Today, Monday, January 21, 2020, we honor and celebrate the life and legacy of the late Reverend Dr. Martin Luther King, Jr – a man who, along with other civil rights heroes, shouldered the weight of the fight for racial injustice and equality for black people in America; a man who championed love over hatred, freedom over oppression, and peace over violence; and a man whose life was brutally stolen when he was assassinated at the Lorraine Motel at the tender age of 39.
His words so eloquently spoken some 55+ years ago ring as true today as they did on August 28, 1963 when he delivered his famous and widely quoted “I Have a Dream Speech” at the March on Washington.
Here are excerpts from that speech that reflect the same reality in present day eerily like the life of the Negro in the 1950s and 1960s:
Discrimination and poverty still exist for people of color
“But one hundred years later, the Negro is still not free. One hundred years later, the life of the Negro is still badly crippled by the manacles of segregation and the chains of discrimination. One hundred years later, the Negro lives on a lonely island of poverty in the midst of a vast ocean of material prosperity. One hundred years later, the Negro is still languished in the corners of American society and finds himself in exile in his own land.”
- According to Poverty USA, 20.8% of African Americans live in poverty compared to 10.1% of Whites in 2018.
- 2018 data from the United States Census Bureau establishes more of the same – the median household income for non-Hispanic Whites is $70,642 while the median household income for Blacks is $41,361 and the percentage of Blacks living in poverty is double that for Whites.
“We can never be satisfied as long as the Negro is the victim of the unspeakable horrors of police brutality. We can never be satisfied as long as our bodies, heavy with the fatigue of travel, cannot gain lodging in the motels of the highways and the hotels of the cities. We cannot be satisfied as long as the Negro’s basic mobility is from a smaller ghetto to a larger one. We can never be satisfied as long as our children are stripped of their selfhood and robbed of their dignity …”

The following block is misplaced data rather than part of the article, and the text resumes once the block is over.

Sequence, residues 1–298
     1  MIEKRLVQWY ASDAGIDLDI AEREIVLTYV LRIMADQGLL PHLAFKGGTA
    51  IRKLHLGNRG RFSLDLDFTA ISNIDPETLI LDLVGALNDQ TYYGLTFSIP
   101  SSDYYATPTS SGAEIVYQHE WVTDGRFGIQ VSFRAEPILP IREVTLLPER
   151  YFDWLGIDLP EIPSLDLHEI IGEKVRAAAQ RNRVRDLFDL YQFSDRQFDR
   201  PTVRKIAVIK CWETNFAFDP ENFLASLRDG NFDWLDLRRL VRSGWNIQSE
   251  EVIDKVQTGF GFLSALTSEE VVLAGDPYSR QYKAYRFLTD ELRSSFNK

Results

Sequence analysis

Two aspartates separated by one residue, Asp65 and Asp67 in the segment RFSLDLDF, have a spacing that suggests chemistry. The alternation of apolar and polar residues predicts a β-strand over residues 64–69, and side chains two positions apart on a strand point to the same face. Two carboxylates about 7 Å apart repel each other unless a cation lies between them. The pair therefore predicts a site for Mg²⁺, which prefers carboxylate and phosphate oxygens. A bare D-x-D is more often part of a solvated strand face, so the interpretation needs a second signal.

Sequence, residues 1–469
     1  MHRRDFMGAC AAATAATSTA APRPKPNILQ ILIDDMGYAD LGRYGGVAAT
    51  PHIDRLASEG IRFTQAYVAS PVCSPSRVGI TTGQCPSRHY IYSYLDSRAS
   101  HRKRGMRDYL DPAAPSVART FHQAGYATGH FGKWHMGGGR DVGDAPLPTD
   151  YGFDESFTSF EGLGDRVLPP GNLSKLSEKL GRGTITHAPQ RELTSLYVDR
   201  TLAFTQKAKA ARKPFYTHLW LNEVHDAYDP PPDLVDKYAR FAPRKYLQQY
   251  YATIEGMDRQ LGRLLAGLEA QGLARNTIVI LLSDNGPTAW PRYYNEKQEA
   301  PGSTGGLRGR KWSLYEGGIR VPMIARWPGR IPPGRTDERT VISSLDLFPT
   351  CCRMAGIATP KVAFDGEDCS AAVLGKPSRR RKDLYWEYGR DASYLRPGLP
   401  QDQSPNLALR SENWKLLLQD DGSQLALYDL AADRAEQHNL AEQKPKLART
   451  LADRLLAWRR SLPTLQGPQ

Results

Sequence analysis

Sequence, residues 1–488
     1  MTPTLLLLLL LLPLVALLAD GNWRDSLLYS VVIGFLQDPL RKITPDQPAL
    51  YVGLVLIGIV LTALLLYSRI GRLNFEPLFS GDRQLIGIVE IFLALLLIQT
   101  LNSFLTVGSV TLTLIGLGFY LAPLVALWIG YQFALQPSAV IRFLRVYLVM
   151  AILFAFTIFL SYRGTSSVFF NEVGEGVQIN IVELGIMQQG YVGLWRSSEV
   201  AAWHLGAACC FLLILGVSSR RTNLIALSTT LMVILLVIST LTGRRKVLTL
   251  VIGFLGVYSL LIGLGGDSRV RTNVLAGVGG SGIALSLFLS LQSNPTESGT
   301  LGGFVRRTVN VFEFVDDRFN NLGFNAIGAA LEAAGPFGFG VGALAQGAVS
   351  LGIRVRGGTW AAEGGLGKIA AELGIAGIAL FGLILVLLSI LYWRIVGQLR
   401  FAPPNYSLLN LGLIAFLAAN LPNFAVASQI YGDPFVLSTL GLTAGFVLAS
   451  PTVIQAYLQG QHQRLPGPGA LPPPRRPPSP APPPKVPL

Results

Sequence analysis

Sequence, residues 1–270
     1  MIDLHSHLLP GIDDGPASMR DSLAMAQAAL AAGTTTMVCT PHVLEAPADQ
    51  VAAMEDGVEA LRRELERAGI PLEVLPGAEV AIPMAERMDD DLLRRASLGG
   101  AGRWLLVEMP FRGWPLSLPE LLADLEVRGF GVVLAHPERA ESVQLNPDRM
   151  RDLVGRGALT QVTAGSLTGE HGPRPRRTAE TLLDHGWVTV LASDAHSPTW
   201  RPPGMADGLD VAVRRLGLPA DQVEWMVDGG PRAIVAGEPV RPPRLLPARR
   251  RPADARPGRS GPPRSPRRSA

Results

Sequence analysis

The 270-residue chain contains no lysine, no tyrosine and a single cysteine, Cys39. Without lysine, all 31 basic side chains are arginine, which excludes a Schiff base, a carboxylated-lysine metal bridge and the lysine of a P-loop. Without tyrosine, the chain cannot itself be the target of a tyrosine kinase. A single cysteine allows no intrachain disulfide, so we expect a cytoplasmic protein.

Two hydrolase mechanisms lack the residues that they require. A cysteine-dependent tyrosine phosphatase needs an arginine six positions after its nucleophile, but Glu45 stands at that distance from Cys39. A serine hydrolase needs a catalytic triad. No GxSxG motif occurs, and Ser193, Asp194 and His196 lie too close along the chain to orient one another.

- A study entitled “Risk of being killed by police use of force in the United States by age, race-ethnicity, and sex” written by Frank Edwards, Hedwig Lee, and Michael Esposito published in the August 2019 journal of the Proceedings of the National Academies of Sciences found that black men face a 1 in 1000 chance of being killed by the police over a lifetime. Said differently, the lifetime risk of being killed by police is 96 per 100,000 for black boys and men (the highest risk) and 39 per 100,000 for white boys and men.
- The school-to-prison pipeline refers to policies and procedures that disproportionately criminalize black and brown youth and facilitate their exit from the school system and their entry into the juvenile justice and prison systems, polices like zero tolerance; 3-strike rules; use of law enforcement in the schools, and excessive use of suspensions and expulsions for disciplinary infractions. According to infographics from the ACLU and Momsrising.org, black students make up 31% of school-related arrests; black students are suspended and expelled 3 to 4 times more than white students; and 1.6 million school-aged students attend a school where there is a school resource officer but no school counselor to address behavioral issues.
These facts break my heart. I desperately desire something different for my family and all the other families who call this great country home. For me, Dr. Martin Luther King Jr.’s “I Have a Dream” speech hearkens back to Langston Hughes’ poem, “What Happens to a Dream Deferred?”
Langston Hugues poignantly writes:
What happens to a dream deferred?
Does it dry up
like a raisin in the sun?
Or fester like a sore —
And then run?
Does it stink like rotten meat?
Or crust and sugar over —
like a syrupy sweet?
Maybe it just sags
like a heavy load
Or does it explode?
While there is still so much work to do, I remain ever hopeful and encouraged, inspired by initiatives like Hoover-AHEAD, a group of heterogenous Hoover, Alabama residents and stakeholders who desire to celebrate diversity and promote racial equity and inclusion within my city; the election of President Barack Obama, the 44th president of the United States and the first African American president; increasing numbers of African Americans holding leadership positions politically and in corporations across the county; dedicated individuals and organizations who continue the work of Dr. Martin Luther King, Jr. by taking on the mantle for racial justice; and the close relationships that we personally have with many incredible families from different racial and socioeconomic backgrounds. Today is the day that “right down in Alabama little black boys and black girls … join hands with little white boys and white girls as sisters and brothers” just as MLK hoped. This, too, is my present reality.
In Galatians 6:9 (NIV), the Bible says, “Let us not become weary in doing good, for at the proper time we will reap a harvest if we do not give up.” My challenge to myself and to all of you today is that we refuse to become tired in doing good, that we choose to never give up, and then watch the bountiful harvest that we reap if we but press towards the mark for a world that embraces love over hate.
I will end as I began, with the beautiful words of the late Dr. Martin Luther King, Jr.:
“With this faith we will be able to hew out of the mountain of despair a stone of hope. With this faith we will be able to transform the jangling discords of our nation into a beautiful symphony of brotherhood. With this faith we will be able to work together, to pray together, to struggle together, to go to jail together, to stand up for freedom together, knowing that we will be free one day.”